I have to say that this is my second and hopefully LAST Bertrice Small novel. I feel as if I was tricked into buying this book, because the first Small novel that I stumbled onto, Skye O'Malley, was so good that it mislead me into thinking that this author might be a treasure. If Rosamund is anything to go by, then I was sorely mistaken.
First, there it is impossible to believe that Rosamund would be as smart as she supposedly is at the age of six years old when we know that she could not even read the alphabet or spell her own name. And yet she understands complicated social politics and what it means to be heiress of her own estate?? And getting a little ahead of myself, the hero apparent for the upcoming sequal FELL IN LOVE WITH A SIX YEAR OLD when he was the mature age (for those times) of sixteen years? Disturbing.
And then the love interests.... I don't even know where to begin! For all intents and purposes Sir Owein Meredith should have been all that Rosamund needed--a grown man, a knight, beautiful and blonde, sought after by all the women of the court. And yet in her reminisence of the man, Rosamund recharacterizes the same as a dry, old bore. I don't think Small knew what she wanted to do with the knight and what she wanted him to represent. One minute he was an angel-haired, smooth knight and the next he was a weak old man with one foot out of the grave. Small vascillated, never deciding whether we (and Rosamund) are to fall in-love with the man...or merely have a fondness for him.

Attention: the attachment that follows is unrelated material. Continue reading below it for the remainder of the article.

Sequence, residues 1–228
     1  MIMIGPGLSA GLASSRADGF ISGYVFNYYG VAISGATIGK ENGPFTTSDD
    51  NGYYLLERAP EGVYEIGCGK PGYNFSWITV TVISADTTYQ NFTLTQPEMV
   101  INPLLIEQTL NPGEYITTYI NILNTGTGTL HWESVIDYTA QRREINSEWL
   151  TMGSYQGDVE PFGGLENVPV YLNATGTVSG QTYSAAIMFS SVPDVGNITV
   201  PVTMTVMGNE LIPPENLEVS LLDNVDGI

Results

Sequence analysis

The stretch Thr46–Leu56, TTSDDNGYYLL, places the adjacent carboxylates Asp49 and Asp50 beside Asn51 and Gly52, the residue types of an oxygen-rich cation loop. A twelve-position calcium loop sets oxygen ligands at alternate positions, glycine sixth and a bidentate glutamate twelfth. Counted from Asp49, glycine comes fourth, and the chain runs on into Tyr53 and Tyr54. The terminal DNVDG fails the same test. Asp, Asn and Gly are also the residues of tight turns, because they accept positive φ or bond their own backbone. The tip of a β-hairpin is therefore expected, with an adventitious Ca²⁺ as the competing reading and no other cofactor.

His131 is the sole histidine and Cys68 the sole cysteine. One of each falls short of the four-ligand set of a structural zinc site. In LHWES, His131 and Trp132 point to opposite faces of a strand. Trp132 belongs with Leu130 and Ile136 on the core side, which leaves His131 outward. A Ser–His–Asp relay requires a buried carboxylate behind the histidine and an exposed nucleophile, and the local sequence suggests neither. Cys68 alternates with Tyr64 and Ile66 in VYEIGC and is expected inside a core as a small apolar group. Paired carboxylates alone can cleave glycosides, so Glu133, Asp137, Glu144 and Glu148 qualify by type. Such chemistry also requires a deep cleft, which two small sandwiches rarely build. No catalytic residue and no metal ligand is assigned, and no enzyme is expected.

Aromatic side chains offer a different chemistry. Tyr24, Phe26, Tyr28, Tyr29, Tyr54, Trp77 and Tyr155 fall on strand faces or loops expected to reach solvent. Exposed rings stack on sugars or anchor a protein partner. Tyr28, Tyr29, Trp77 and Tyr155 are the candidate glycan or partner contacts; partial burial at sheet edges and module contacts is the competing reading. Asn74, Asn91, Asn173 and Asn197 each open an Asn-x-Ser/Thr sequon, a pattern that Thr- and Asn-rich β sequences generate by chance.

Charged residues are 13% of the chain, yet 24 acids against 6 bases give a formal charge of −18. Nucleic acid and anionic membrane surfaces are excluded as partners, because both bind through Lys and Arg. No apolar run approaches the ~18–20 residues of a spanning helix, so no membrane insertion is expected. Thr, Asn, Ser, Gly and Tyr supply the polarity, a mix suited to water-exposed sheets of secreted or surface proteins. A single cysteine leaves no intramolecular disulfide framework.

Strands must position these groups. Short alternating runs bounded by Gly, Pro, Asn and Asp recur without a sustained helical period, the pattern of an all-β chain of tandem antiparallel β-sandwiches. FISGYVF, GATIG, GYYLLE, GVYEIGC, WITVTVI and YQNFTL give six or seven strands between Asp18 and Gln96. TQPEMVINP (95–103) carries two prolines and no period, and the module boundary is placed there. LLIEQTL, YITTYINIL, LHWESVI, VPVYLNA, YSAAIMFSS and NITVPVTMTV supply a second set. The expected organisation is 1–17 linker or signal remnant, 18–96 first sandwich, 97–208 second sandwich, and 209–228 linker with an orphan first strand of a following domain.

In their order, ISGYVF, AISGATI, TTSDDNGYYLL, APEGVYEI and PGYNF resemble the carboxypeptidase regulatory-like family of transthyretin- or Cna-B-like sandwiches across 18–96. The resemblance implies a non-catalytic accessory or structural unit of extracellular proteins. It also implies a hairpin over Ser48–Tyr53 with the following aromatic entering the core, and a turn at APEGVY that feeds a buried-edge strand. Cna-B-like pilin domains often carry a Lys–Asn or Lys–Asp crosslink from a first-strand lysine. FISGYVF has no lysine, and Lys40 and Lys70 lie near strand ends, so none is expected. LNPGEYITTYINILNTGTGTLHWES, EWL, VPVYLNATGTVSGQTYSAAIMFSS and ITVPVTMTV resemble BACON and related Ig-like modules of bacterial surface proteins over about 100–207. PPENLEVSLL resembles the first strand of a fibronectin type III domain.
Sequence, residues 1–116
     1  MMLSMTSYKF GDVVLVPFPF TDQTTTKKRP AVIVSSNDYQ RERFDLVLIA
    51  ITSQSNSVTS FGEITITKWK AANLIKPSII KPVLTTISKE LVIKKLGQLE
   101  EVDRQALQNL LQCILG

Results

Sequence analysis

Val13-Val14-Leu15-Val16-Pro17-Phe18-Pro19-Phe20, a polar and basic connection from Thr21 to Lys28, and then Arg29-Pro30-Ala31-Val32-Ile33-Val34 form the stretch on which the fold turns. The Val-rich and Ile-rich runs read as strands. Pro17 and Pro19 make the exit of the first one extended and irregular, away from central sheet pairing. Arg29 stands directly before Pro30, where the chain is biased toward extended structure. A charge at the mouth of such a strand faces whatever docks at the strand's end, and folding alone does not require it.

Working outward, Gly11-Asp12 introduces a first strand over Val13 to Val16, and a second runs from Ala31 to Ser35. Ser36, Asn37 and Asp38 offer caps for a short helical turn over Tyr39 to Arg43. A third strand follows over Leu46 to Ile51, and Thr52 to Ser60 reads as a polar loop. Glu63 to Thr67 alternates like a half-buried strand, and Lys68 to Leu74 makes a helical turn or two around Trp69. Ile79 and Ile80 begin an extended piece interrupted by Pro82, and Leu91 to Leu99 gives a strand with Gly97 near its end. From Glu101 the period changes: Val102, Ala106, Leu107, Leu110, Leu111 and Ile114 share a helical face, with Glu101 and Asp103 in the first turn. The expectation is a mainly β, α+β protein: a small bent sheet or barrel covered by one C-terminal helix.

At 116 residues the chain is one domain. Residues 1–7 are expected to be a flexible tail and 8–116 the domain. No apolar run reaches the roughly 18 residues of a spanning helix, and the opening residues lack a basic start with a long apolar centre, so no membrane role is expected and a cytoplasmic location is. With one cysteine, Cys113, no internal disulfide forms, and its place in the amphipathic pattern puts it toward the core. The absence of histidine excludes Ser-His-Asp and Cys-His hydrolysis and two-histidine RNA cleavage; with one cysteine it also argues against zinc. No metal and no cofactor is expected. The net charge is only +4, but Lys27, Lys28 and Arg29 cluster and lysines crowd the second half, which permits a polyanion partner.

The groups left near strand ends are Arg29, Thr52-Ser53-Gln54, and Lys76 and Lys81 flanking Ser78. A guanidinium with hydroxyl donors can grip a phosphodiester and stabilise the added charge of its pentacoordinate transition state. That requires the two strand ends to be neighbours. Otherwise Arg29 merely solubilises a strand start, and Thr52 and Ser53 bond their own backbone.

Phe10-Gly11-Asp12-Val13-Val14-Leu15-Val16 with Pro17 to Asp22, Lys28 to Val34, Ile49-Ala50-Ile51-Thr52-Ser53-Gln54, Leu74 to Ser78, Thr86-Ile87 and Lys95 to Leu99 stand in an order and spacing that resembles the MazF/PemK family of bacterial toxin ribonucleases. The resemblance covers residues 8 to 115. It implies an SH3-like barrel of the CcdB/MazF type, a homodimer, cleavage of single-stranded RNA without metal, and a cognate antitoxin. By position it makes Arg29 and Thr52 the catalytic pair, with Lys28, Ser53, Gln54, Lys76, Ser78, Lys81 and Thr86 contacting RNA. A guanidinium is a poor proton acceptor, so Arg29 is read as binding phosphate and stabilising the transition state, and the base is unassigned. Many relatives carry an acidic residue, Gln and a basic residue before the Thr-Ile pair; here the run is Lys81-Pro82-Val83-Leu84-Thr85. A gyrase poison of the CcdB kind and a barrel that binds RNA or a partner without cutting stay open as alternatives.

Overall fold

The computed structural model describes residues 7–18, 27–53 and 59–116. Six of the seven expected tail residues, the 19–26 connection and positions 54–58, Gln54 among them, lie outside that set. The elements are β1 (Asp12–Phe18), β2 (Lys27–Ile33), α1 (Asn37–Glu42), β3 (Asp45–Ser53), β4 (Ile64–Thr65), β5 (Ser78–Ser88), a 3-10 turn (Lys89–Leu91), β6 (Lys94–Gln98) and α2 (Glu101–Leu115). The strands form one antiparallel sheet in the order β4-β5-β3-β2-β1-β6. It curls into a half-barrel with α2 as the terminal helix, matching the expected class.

And the relationship between Rosamund and the prince, later King Henry was also difficult for me to swallow. Again, here Small did not seem able to make up her mind whether her main character was a weak, malleable obsequious submissive or a strong, independent, self-possessed heiress. The way she reacted to Henry's propositions, arrogance and bad behavior did not show any of the adroitness or diplomacy she supposedly had been born with and cultivated during her time at court. And more importantly, my high regard of Rosamund suffered as her actions increasingly showed a lack of basic integrity and the goodness Small endeavored to encourage us to believe she possessed.
And the ending...the ending.... Well, all I can say is that while Small's imagination must have been bursting with possible love interests for Rosamund, I think that the quality of romance, erotica, plot and character connection in each relationship should be paid more heed than to the quantity of characters. More specifically, while the Scot thrown into the mix and maintaining a position in the background of the story may have been compelling, it was vasty unsatisfying to have him waiting in the wings and then so haphazardly forced into the limelight toward the end and during the epilogue.
For Shame, Miss Small!